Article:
Yes and no... Many companies incorporate in one state, but have no physical presence there and do all their business in another state. In that case (local requirements of the second state may differ), they are required to register as a "foreign" corporation in the second state, also pay taxes in the second state, and can also be served in the second state as well. Companies that do this usually choose Delaware or some other state without corporate income taxes to avoid being taxed twice. (However, Delaware's recent escalation of franchise taxes makes it less and less attractive to incorporate there- this year we finally de-registered our DE incorporation and moved it to the state where we do business.)

They can have business offices (or products) anywhere, operate franchises, all range of business and commerce legally allowed, but there is only ONE official place they can be incorporated.
Yes.
6:06 pm on May 23, 2017 (gmt 0)

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Should End Apple's Patent Trolls
I think Apple employs its own patent trolls targetted at Samsung and the entire Android community. That's the nature of the beast. Court rulings aside, each will continue to find vulnerabilities in the other to exploit as the oppertunity allows.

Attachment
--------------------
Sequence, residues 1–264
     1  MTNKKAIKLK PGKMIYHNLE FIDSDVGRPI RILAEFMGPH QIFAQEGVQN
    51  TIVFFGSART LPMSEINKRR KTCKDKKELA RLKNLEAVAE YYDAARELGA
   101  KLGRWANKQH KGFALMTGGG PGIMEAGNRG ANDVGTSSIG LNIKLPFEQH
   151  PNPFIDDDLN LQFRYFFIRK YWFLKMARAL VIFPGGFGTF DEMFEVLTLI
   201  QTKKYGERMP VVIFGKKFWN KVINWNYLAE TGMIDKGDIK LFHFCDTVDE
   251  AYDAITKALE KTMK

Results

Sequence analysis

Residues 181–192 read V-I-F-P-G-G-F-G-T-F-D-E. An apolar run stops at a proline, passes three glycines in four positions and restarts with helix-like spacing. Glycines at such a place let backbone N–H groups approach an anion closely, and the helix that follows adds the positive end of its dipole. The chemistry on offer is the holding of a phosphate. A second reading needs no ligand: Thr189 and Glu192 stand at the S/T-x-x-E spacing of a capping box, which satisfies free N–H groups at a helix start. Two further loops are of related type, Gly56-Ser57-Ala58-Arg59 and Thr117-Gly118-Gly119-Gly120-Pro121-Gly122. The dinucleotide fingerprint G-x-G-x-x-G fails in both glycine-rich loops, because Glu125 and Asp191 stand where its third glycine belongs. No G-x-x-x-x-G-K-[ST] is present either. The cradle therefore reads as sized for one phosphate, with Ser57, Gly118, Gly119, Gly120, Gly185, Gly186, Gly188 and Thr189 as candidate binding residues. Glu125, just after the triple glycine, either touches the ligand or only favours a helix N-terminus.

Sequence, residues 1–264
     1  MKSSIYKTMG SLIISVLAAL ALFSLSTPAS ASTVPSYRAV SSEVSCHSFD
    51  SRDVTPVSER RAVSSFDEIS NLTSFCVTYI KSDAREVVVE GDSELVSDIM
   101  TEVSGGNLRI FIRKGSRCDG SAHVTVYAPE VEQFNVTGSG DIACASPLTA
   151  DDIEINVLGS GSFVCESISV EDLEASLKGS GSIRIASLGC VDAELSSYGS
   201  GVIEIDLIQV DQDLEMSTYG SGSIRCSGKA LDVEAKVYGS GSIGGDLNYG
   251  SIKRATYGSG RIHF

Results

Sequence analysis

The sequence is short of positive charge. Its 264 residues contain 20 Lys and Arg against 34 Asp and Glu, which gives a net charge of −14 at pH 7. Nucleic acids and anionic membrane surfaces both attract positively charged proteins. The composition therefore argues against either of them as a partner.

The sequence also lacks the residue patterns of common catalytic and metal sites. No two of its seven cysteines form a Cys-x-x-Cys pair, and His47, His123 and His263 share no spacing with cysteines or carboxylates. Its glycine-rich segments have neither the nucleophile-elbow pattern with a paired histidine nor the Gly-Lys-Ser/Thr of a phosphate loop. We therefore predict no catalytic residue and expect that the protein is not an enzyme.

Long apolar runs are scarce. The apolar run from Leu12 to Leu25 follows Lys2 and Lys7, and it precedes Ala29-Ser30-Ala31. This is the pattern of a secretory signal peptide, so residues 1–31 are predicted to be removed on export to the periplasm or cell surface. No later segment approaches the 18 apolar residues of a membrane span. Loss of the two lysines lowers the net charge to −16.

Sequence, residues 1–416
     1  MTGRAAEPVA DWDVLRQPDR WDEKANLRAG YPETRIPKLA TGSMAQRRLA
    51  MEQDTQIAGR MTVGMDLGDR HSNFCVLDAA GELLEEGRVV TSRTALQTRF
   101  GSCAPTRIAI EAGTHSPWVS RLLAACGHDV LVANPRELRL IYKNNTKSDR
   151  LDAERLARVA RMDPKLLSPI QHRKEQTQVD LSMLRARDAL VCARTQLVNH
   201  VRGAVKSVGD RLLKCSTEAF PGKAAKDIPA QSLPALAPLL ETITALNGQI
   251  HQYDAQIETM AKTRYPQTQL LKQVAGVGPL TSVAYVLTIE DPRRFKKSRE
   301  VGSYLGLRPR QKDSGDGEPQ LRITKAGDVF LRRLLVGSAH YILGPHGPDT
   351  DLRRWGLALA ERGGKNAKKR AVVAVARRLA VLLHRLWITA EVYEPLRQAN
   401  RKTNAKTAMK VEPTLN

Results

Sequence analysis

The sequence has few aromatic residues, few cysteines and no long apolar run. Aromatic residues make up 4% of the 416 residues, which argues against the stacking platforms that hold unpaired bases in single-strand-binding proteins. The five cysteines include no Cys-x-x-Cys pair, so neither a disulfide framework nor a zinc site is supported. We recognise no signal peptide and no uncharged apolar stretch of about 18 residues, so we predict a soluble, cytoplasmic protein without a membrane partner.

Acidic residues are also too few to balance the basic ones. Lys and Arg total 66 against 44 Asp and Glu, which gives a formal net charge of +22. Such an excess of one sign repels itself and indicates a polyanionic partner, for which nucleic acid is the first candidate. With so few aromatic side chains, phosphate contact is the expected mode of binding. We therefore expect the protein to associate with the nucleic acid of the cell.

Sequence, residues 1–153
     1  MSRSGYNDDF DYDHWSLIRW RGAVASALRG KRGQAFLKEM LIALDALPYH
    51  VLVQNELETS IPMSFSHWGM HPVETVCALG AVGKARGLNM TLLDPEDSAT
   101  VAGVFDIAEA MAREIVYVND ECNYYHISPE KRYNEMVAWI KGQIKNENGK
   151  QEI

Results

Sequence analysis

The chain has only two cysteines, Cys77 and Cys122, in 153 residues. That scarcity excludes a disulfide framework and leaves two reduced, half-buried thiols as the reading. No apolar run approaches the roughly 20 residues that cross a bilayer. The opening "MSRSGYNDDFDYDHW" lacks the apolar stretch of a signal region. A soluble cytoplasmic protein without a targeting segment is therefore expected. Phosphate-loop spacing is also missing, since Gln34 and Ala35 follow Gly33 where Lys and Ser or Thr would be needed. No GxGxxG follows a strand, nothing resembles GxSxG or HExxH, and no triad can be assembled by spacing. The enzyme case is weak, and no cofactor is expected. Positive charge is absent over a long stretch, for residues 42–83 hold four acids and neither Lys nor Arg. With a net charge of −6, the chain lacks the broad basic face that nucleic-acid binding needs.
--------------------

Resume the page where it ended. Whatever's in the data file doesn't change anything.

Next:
6:33 pm on May 23, 2017 (gmt 0)

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The ruling looks like it was not aimed at preventing patent infringement suits, but only the practice (apparently common) of purchasing patents solely for the purpose of filing infringement suits and then shopping around for venues where they are more likely to prevail.

The mention of East Texas might need explaining - one particular court in that East Texas Circuit has heard and agreed with plaintiffs in unusually high numbers. A single judge in Marshall, TX oversaw close to 25% of all patent cases in the US. Something that was noted and documented over 10 years ago. It has become the largest local industry. ;)

Justice Clarence Thomas, writing for the court, said the Federal Circuit had misconstrued the law and ignored a 1957 Supreme Court precedent that had set out the correct interpretation. A domestic corporation, Justice Thomas wrote, resides only in the state of its incorporation.
Reader View [nytimes.com]